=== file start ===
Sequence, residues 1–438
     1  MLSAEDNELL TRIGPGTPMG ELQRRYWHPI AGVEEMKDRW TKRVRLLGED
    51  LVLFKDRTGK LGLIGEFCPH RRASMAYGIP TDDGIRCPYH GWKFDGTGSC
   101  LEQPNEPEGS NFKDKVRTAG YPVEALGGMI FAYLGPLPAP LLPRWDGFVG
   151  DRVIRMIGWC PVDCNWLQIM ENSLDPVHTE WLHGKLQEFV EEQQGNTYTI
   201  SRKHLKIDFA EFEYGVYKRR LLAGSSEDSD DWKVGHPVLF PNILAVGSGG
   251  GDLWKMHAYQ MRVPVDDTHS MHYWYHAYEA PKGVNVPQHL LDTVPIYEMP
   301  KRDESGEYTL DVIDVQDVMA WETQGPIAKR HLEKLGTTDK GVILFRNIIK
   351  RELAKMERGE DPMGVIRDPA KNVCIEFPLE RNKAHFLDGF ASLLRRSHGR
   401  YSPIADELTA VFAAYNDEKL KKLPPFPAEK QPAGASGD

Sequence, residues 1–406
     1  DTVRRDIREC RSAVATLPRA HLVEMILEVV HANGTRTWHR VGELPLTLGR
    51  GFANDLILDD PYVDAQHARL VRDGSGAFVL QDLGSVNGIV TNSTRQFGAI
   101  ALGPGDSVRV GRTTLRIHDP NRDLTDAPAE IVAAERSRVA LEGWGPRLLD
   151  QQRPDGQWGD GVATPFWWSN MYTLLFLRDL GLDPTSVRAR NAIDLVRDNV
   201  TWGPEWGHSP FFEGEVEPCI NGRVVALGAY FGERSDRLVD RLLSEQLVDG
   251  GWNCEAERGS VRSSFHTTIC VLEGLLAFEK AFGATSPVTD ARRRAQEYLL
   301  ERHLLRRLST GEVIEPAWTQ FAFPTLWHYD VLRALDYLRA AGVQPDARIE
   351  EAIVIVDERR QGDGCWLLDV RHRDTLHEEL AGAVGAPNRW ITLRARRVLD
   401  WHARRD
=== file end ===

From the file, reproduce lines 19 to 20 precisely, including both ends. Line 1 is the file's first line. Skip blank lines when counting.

   351  EAIVIVDERR QGDGCWLLDV RHRDTLHEEL AGAVGAPNRW ITLRARRVLD
   401  WHARRD